About 10 years ago, I was in my office at work, and a colleague came by to talk about a project. I don’t remember exactly what the project was about, but it did involve people who had been critical of the company and its products.
Then, out of the clear blue, my colleague said, “But you know who really frightens me?”
I shook my head.
“Those Christians,” she replied, shuddering.
“Those Christians,” she nodded. “Those evangelicals. They scare me, always trying to force there views on us.”
Stunned, I sat for a moment without speaking.
“Do I scare you?” I asked.
She shook her head.
“I’m one of them,” I said. “One of those evangelical Christians. Do I try to force my views on you?”
It was her turn to be stunned. I could see cognitive dissonance exploding inside her head.
“Well,” she said finally, “if you are one of them, you must be the exception.”
It was my first experience of “Christianophobia” with a work colleague. I had experienced it before, something on the level of group hysteria, over a school district controversy. My colleague was college-educated, older than I was by a few years, with a journalism background.
If you asked conservative Christians if there is Christianophobia in the United States, the likely response would be a rather large majority affirmative. The evidence has largely anecdotal – court decisions, stories of university political correctness run wild (lots of those), sneering editorials by the local newspaper, fundraising letters by organizations like People for the American Way.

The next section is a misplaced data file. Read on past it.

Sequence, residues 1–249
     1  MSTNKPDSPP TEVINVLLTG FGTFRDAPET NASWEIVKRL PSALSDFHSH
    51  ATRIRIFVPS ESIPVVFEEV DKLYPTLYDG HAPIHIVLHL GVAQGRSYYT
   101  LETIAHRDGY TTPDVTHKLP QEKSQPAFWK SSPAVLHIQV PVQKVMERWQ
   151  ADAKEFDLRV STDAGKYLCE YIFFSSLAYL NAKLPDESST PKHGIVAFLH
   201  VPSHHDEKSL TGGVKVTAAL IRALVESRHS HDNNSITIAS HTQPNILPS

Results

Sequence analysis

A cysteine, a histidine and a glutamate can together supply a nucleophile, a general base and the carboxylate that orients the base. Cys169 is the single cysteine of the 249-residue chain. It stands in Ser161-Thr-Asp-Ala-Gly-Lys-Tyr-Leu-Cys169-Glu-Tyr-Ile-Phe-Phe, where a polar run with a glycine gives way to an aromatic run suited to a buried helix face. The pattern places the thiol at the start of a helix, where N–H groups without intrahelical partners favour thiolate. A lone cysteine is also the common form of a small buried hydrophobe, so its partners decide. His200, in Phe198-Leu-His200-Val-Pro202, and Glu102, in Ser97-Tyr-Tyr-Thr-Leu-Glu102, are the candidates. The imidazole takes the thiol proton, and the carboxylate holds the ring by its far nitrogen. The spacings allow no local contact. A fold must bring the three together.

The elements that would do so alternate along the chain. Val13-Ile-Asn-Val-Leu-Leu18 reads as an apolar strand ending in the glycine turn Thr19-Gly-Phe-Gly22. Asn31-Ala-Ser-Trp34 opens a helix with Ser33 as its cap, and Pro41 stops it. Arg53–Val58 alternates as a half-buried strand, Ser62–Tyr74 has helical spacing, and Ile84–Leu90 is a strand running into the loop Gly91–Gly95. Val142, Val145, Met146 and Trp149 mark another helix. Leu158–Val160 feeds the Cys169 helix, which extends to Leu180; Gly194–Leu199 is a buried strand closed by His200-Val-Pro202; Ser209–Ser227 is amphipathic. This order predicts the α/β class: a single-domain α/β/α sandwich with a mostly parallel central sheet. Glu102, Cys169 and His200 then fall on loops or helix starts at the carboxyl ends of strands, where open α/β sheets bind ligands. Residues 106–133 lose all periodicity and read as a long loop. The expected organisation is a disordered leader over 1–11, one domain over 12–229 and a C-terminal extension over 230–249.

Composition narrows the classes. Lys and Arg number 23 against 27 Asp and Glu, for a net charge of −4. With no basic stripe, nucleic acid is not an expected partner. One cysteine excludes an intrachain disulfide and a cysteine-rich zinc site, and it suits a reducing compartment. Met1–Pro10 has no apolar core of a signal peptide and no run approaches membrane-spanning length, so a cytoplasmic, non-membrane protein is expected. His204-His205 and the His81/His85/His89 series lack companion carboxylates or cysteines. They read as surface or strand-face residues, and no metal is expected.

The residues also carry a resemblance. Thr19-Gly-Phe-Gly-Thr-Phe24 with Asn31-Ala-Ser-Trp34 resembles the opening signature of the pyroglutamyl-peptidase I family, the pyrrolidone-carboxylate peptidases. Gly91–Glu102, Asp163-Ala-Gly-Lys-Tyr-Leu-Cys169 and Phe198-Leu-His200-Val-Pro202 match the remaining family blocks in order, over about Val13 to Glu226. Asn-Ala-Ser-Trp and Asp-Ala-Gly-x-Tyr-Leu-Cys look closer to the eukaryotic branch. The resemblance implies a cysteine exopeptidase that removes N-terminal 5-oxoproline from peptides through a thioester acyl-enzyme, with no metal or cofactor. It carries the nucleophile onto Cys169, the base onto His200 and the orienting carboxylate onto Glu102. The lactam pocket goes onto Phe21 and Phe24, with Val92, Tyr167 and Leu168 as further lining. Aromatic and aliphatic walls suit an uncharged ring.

All anecdotal, until So Many Christians, Do Few Lions: Is There Christianophobia in the United States? by George Yancey and David Williamson. The authors are sociology professors at the University of North Texas, a public university (not religious) in the Dallas-Fort Worth area.
The book, while more engaging than the typical sociology book, is still a sociology text. Yancey and Wiliamson don’t sensationalize their subject or write in screaming prose. You have to read slowly and deliberately. The appendices comprise about half the volume.
They make their case. Using existing surveys plus ones they themselves conducted, they make a solid case that there is indeed Christianophobia in the United States, and especially among a rather elite group – highly educated, relatively wealthy whites. In overall size, they would be smaller than the conservative Christians they fear. In influence, position, and power, however, they’ve got it all over the Christians.
In terms of what has been happening culturally in the United States, this is an important subject to consider and discuss. And I will be discussing key parts of the book over the next two to three Mondays – who are the people so afraid of conservative Christians; why do they believe what they do; how do they rationalize what would otherwise be considered intolerant, bigoted beliefs; and what the implications might be.
I do know that my work colleague who so feared “those Christians” fit almost exactly the demographic described by Yancey and Williamson. And that happened a decade ago.
The situation has not improved since then.
Painting: The Christian Martyrs Last Prayer, oil on canvas by Jean-Leon Gerome (1883); the Walters Art Museum, Baltimore.